Letters to the Editor: Kids can’t get care under Medi-Cal. Are private insurers the problem?

A pediatrician examines a baby in her clinic in Chicago in 2019.
A pediatrician examines a baby in her clinic in Chicago in 2019.
(Amr Alfiky / Associated Press)

To the editor: Blame for California’s poor performance regarding young children’s access to preventive care falls largely on the Medi-Cal program. (“Hours on hold, limited appointments: Why California babies aren’t going to the doctor,” Feb. 26)

In 2021, 85% of Medi-Cal enrollees were in managed-care plans sold by private insurance companies. Making money is a major goal of these insurers, and it is accomplished by limiting access through narrow networks and pre-authorizations that lead to delays.

Time and money are spent by the state to monitor and levy fines on managed-care plans that don’t provide the services they are paid to coordinate and deliver.


Perhaps we should look to Connecticut as an example of how our Medi-Cal program can reduce administrative costs and provide better access to care. In 2012, Connecticut ended private insurance in their Medicaid program and implemented an effective and efficient public program, resulting in improved access to services.

Carol Fodera, La Crascenta


To the editor: Your article highlights the access crisis in Medi-Cal. But as a physician treating kids, I believe it’s important to know there is a solution on the horizon that should give us all hope.

California has made significant strides in expanding Medi-Cal coverage, but the crucial piece of the puzzle — access to care — has not been realized. The problem stems from a severe, decades-long underfunding in the program that insures more than 15 million Californians.

Thankfully, an upcoming ballot measure will help patients get the care they need.

The initiative is expected in the coming weeks to qualify for the November 2024 ballot. It will ensure healthcare programs for low-income families, the elderly and children are finally funded, which is important, considering a looming state budget deficit.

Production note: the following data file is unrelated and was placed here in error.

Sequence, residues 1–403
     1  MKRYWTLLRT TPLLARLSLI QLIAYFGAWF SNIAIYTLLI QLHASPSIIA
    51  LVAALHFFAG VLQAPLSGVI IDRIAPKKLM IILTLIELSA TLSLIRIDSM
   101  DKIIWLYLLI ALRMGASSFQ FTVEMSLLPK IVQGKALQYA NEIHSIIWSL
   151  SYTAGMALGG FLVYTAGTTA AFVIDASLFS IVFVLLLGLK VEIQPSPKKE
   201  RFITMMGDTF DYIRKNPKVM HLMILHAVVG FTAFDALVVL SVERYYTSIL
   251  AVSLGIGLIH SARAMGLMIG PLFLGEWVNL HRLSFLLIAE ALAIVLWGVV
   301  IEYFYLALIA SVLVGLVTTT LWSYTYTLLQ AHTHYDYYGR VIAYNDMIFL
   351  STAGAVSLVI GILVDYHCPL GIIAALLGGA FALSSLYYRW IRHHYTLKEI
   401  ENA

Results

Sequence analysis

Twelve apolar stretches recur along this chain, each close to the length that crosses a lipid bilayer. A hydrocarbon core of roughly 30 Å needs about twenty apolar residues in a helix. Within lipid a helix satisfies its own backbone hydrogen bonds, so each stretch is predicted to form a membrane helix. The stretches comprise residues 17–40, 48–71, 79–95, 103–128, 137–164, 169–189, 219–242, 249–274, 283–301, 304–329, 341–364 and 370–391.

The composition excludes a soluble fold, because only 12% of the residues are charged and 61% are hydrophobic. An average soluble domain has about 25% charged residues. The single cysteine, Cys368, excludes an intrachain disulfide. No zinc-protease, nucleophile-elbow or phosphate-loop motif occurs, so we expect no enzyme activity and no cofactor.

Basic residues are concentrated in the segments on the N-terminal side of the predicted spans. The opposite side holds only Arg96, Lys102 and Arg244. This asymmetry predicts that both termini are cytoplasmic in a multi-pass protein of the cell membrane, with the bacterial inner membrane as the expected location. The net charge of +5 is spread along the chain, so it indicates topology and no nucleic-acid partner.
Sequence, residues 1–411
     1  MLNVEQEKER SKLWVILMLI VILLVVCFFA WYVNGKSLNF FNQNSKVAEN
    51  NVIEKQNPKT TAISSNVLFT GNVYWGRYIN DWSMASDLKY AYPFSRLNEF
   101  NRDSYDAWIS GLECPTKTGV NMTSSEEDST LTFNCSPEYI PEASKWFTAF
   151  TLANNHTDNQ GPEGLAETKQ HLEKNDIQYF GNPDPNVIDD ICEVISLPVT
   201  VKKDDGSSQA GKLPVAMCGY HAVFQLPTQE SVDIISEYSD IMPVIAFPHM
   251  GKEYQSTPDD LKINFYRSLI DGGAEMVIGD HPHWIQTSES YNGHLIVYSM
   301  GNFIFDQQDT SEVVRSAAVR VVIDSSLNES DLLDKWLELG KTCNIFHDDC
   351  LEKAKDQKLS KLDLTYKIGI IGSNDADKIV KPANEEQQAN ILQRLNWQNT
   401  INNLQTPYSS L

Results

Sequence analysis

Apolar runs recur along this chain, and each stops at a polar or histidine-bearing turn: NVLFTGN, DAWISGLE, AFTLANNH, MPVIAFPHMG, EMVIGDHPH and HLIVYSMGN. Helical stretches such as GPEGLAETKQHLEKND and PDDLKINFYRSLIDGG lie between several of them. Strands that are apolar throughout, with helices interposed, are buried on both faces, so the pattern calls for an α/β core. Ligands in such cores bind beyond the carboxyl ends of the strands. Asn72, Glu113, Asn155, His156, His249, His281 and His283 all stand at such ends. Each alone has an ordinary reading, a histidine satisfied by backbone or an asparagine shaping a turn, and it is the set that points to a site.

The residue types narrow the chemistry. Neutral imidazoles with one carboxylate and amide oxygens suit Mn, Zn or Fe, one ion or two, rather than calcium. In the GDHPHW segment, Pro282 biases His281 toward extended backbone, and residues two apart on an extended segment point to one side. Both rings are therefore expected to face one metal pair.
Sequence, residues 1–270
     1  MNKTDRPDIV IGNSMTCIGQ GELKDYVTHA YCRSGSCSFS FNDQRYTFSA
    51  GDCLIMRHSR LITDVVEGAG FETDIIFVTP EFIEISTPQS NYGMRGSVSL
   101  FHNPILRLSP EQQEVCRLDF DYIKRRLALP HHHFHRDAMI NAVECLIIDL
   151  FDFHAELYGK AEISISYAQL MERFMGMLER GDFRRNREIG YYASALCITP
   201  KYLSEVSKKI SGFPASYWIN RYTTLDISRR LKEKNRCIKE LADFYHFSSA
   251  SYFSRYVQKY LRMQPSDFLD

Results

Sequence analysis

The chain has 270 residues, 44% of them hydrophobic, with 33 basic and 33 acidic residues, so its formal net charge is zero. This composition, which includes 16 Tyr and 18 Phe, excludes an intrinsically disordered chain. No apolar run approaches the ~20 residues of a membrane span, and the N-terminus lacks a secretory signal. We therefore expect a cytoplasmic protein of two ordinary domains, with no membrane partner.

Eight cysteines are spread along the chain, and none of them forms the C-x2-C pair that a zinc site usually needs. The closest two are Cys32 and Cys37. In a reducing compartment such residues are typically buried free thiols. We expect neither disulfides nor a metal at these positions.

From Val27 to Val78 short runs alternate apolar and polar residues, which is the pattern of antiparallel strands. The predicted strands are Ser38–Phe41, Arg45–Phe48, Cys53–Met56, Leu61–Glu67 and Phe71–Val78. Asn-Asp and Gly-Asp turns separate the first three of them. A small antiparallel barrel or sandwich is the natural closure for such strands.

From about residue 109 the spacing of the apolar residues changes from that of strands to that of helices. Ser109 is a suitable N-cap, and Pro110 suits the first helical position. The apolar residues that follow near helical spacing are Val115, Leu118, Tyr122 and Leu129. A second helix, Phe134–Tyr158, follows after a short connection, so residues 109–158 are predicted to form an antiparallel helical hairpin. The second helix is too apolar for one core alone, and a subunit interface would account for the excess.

We look forward to finally bridging the access gap for all Californians.

Shannon Udovic-Constant, MD, San Francisco

The writer is president-elect of the California Medical Assn.


To the editor: Community health centers can improve access to and compliance with preventive care for children on Medi-Cal.

Venice Family Clinic has special initiatives specifically designed to reach children, including an Early Head Start program in which 97% of children are current on immunizations and 87% are up to date on well-child visits.

A recent partnership brought this comprehensive program for children up to age 3 to families at HomeLight Family Living, a Midnight Mission program in Inglewood.

We also provide comprehensive care at five different school campuses. That is in addition to a network of sites in nine L.A. County communities that offer a wide range of services.


Providing this type of comprehensive care where families are — and ensuring easy access to extensive services in one visit — is just what the doctor ordered to improve our children’s health.

Mitesh Popat, MD, Venice

The writer is chief executive of Venice Family Clinic.


To the editor: I’m trying to figure out how California can brag that 97% of its children have health insurance, while at the same time being ranked 46th out of 50 states for providing preventive care for children 5 and under.

If the state is failing to provide basic preventive care such as vaccines and screenings to young kids, then I’m sorry, those kids don’t have health insurance. They have a useless card with their name on it that does nothing for them.


Do better, California.

Terri Fox, Torrance